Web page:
It’s no big surprise to commercial real estate developers and investors that the risk of environmental liability and the high cost of cleaning up a contaminated property makes redevelopment of Superfund sites less than enticing. The Environmental Protection Agency (EPA) has struggled with this problem for years—how do you incentivize the expansion, reuse or redevelopment of abandoned and under utilized contaminated property, also known as brownfields?
The EPA’s initial attempt to overcome this obstacle began in 1995 with the inception of the Brownfields Program, which was launched in 2002 with the passage of the Small Business Liability Relief and Brownfields Revitalization Act. The act was designed to empower states, local communities and other stakeholders, like commercial real estate developers and lenders, to work together to redevelop brownfields and put them back into use.
The federal program provided incentives for brownfield redevelopment, including assessment and cleanup grants, revolving loan funds, job training and certain liability protections for those purchasing properties known to be contaminated. Some state programs, like NH’s Brownfields Covenant Program, began to provide additional liability protections for the voluntary cleanup of the sites by those that did not cause or contribute to the site’s contamination.
Excluded, however, from the brownfields incentives program were sites on the EPA’s National Priorities List (NPL)—sites of national priority with known or threatened releases of hazardous substances, pollutants or contaminants that may endanger public health or the environment and warrant further investigation. These sites, known as Superfund Sites, are eligible for extensive long-term cleanup action under the federal Superfund program.
As a result, cleanup of the dirtiest sites relied on funding from the federal government, the responsible party and taxpayers. While the Superfund law was originally well intentioned, the decline of federal funding and the fact that numerous responsible parties were unable to pay their respective portions have frustrated cleanup efforts and future redevelopment of these properties.
Revitalizing the Superfund Program
EPA Administrator Scott Pruitt convened a special task force recently to provide recommendations on how to revitalize the Superfund program by restructuring the cleanup process. The task force focused on realigning incentives for parties involved in Superfund sites to expedite re mediation, reduce the burden on cooperating parties and incentivize private investment in cleanups. The task force completed its work on July 25 and released a report providing 42 recommendations, organized into five overarching goals, to streamline and improve the Superfund program.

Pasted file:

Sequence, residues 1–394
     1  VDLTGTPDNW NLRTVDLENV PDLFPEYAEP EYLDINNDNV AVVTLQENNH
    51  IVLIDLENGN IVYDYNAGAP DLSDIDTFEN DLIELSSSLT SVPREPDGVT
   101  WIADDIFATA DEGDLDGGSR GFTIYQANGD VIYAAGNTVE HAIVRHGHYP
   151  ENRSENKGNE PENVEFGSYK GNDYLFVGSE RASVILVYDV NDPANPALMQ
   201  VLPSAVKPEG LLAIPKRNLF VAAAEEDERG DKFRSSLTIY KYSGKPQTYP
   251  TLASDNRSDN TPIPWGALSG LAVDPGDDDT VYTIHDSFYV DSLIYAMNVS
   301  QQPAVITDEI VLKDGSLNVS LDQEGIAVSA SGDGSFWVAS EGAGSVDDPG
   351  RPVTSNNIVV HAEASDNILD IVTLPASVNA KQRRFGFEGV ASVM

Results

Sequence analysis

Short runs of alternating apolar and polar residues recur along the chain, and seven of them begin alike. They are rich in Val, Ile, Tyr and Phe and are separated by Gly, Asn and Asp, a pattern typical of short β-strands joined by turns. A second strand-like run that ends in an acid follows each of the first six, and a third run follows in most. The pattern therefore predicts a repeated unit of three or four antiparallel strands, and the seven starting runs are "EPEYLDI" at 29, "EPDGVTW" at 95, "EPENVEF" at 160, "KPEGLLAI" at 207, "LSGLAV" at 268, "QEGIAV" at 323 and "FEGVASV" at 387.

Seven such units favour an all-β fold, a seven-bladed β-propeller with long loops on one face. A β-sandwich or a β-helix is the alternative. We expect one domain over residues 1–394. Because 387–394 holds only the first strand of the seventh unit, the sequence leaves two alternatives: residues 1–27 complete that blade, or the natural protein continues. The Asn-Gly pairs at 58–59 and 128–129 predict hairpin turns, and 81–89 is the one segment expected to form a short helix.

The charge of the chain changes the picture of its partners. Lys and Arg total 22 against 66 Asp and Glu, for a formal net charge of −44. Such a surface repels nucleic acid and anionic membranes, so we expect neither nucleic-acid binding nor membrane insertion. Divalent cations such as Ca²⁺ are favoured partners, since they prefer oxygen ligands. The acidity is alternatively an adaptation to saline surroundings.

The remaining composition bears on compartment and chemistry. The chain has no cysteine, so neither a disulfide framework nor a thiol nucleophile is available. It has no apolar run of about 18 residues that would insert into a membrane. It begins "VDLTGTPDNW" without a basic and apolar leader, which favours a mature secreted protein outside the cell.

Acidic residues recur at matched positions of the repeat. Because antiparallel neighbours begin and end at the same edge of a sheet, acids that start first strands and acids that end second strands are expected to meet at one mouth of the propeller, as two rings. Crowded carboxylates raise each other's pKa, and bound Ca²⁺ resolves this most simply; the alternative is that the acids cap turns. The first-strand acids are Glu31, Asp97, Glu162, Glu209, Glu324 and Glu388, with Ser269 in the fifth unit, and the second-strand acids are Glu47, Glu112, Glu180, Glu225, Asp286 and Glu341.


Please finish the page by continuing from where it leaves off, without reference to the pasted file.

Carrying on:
Included as recommended incentives for commercial real estate developers and lenders are: Using alternative and non-traditional approaches for financing site cleanups via Environmental Liability Transfers; the possible use of EPA comfort/status letters in which the EPA can address prospective purchasers’ concerns by providing information about the status of the property and the EPA’s enforcement discretion; better explanations of the potential environmental liability a purchaser assumes when buying a property with pre-existing environmental contamination; developing new settlement approaches and revising model settlement agreements in which the EPA provides liability relief in exchange for payment and/or cleanup work; and addressing liability concerns of local governments by developing new local government enforcement guidance.
The task force’s recommendations sound a lot like our old friend the brownfields Program. That’s because the underlying problem remains the same whether the property is just dirty like many brownfield sites or really dirty like the NPL sites. Incentivizing developers and lenders to take on the expansion, reuse or redevelopment of highly contaminated property without removing most of the risk and providing funding for the inevitable high cleanup costs is, in most cases, a non-starter.
Clearly EPA sees the benefit from the third party cleanups performed under the brownfields incentives program and, as a result, is attempting to model the new recommendations to provide similar incentives. However, despite the good progress made in cleaning and redeveloping many sites under the Brownfields Program, many stakeholders agree, liability protections in federal and state laws have not gone far enough to alleviate the risk to warrant taking on many of the dirtier brownfield sites. Simply lessening the effect of owner/operator liability on the transfer and redevelopment of contaminated property, like the brownfields incentives, rather than actually modifying liability just doesn’t cut it for these major sites.
EPA has to do more than mimic the Brownfields Program through incentives, policies and guidance in implementing the recommendations. Such actions will likely not be enough to entice redevelopers and lenders to take on these major sites. Assurances against future and lingering liability, which will likely include statutory and regulatory changes, are needed.
Attorney Lynn Preston is a shareholder and chair of the Environmental and Energy Practice Group at Sheehan Phinney Bass + Green in Manchester. She can be reached at 603-627-8362 or firstname.lastname@example.org.